Organizations are relentlessly in pursuit of the ultimate customer experience – the one that will keep their customers loyal and engaged with their brand for years to come. But all too often, the customer experience (CX) is pursued at the expense of the employee experience (EX). For many organizations, this creates unsustainable work environments where the customer experience is temporarily and artificially maintained through individual heroics and/or expensive operations.
We increasingly see enterprises create truly unforgettable and, importantly, durable customer experiences by focusing more on the employee experience. But the next frontier actually goes further than that, approaching the workplace experience (WX) as a way to drive sustainable value, where technology, operations, culture and employee experience are combined in a holistic approach. It’s about how employees are enabled or constrained by the business to do things differently today and to reimagine their jobs of tomorrow.
The importance of the workplace environment cannot be overestimated for the financial success of your business. Research from the Center for Information Systems Research (CISR) at MIT Sloan School of Management shows that firms with the best employee experience achieve business benefits, including double the customer satisfaction, twice the innovation and 25 percent greater profitability compared to competitors. It seems basic, yet it’s so powerful – empowered and engaged employees lead to an unstoppable business.
The employee experience doesn’t just mean free breakfast on Fridays; it comprises the entirety of their interactions with the brand. The more innovative organizations are now designing “employee journeys” around the moments that matter, using the same mindset used to create customer journeys. Essentially, they design a workplace that adapts to work, rather than the other way around. Additionally, they also use workplace analytics to optimize the mix of design and science in order to create capacity (for example, addressing shadow functions or collaboration overload) and orchestrate the change. A typical approach combines aggregated data from collaboration tools with the organizational context to reveal behavioral patterns. Bringing in data on business KPIs enables organizations to correlate actionable insights to meaningful business outcomes. As an example, for a healthcare provider, this could be the success rate of their cancer treatment board, or for a wealth management company, this could be the alpha for their investment team.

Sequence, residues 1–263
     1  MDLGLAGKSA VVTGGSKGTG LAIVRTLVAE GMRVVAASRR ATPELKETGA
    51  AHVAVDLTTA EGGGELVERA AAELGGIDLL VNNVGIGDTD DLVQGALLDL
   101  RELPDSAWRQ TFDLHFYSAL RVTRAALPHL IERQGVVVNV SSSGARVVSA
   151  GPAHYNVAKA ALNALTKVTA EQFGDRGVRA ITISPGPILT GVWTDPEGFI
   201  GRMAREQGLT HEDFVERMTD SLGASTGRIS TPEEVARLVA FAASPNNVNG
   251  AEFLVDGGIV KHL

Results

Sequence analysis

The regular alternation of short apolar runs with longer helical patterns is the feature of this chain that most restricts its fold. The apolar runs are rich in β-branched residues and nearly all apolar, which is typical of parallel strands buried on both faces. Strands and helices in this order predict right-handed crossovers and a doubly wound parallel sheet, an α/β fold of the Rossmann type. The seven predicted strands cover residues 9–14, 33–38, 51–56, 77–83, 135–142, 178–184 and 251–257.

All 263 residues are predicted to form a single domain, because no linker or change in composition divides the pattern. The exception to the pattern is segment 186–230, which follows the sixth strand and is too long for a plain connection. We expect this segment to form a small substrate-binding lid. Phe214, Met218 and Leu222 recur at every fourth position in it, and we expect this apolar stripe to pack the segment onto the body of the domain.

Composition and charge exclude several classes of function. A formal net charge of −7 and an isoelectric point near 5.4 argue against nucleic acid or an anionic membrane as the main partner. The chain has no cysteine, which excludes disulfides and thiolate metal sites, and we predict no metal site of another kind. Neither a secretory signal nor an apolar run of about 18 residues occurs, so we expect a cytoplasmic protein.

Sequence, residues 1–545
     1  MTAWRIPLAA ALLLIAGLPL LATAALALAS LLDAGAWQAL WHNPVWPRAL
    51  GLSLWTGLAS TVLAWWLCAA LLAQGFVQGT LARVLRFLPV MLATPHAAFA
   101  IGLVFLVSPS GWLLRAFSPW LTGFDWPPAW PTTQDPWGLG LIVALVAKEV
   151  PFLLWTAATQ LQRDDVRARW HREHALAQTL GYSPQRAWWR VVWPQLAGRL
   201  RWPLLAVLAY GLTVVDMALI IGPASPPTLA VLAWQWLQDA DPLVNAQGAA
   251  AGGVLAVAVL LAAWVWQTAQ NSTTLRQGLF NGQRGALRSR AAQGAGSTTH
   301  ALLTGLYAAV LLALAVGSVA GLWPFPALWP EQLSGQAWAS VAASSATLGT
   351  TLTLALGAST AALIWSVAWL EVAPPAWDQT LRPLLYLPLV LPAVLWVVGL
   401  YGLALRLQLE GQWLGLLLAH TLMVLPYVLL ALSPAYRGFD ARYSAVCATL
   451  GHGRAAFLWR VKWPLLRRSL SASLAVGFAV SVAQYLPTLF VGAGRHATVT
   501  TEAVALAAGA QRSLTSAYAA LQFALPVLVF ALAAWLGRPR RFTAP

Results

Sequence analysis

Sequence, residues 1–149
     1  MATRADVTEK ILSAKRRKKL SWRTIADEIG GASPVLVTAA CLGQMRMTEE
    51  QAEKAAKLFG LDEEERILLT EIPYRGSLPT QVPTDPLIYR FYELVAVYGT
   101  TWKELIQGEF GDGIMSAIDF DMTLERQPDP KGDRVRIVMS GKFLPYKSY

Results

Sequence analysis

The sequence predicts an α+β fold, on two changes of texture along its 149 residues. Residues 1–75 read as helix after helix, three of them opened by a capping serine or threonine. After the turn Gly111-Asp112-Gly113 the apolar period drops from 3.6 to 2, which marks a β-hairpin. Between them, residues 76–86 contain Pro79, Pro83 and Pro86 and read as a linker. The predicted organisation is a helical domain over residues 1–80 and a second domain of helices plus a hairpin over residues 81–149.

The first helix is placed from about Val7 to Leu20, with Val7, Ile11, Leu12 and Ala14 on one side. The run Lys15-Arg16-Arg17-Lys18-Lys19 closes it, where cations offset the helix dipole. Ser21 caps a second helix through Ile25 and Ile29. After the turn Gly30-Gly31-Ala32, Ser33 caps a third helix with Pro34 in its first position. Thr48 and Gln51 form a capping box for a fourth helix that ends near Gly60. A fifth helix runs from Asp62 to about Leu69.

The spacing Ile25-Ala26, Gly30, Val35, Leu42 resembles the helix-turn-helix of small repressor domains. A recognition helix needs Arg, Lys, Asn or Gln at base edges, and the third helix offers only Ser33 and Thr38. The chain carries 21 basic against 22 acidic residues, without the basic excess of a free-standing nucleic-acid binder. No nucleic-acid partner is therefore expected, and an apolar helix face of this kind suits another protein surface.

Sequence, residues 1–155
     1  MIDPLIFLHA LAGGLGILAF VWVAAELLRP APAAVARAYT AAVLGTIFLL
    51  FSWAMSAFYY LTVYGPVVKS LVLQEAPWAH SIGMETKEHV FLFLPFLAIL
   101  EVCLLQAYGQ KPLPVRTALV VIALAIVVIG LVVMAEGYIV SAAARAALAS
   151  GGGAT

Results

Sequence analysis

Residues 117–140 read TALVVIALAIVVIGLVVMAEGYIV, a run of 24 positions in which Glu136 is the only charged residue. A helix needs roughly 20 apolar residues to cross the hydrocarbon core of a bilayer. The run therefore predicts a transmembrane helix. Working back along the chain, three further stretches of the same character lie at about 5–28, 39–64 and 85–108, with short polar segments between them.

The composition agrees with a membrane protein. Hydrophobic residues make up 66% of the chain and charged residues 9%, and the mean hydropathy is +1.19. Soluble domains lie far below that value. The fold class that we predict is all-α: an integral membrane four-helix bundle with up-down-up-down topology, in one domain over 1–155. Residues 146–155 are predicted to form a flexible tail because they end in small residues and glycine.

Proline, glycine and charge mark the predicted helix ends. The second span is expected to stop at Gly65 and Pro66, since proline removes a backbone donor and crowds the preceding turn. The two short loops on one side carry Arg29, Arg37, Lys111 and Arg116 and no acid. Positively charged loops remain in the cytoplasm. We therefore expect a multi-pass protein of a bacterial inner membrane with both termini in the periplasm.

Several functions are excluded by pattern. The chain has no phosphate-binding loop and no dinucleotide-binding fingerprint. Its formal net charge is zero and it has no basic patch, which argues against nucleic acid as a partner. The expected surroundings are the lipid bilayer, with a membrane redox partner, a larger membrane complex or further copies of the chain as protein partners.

We believe there are 3 pillars to successful WX
- Re-imagine culture and re-engineer the end-to-end EX so that it has parity with the CX. This is achieved by focusing on the collective actions that transform work and as with CX, creating targeted, highly personalized experiences via continuous workforce segmentation. The new experiences need to be co-created with the employees rather than simply given to them, and the scenarios often need to be re-imagined (just providing a new interface does not create a new experience).
- Re-wire ways of working where people and ideas are connected and activities and systems are integrated and governed with clarity and transparency. A key element for this is truly connecting WX to company profitability, rather than simply cutting costs. There needs to be a direct causality – not just correlation – between a WX strategy and business priorities. Clearly, this also requires a cross-functional approach that spans silos and hierarchies. WX is not a question just for HR or IT, but for the whole organization.
- Rethink the approach to technology platform value realization. Technology is an important component of how employees experience their work, yet many organizations are struggling with extracting the promised benefits (or even with basic adoption). We believe that an “evergreen” mindset, where the fast pace of cloud-native software capabilities is used as a competitive advantage. Too often, this is viewed as a headache around compatibility, supportability or change enablement and, as an effect, the default approach is too often to disable or ignore. A more thoughtful yet pragmatic enterprise architecture is also needed to come to terms with the often chaotic IT platform, with overlapping (and often competing) tools and applications – especially in the collaboration space.
According to Gartner, “by 2020, the greatest source of competitive advantage for 30% of organizations will come from the workforce’s ability to creatively exploit digital technologies.” With this trend on the horizon, we can only surmise that in 2019, organizations will devote more attention to their employees. We believe, in unequivocal terms, that employee experience drives customer experience and that a Modern Workplace is paramount to sustain the much talked about competitive edge, regardless of how one feels about the overused term “digital transformation”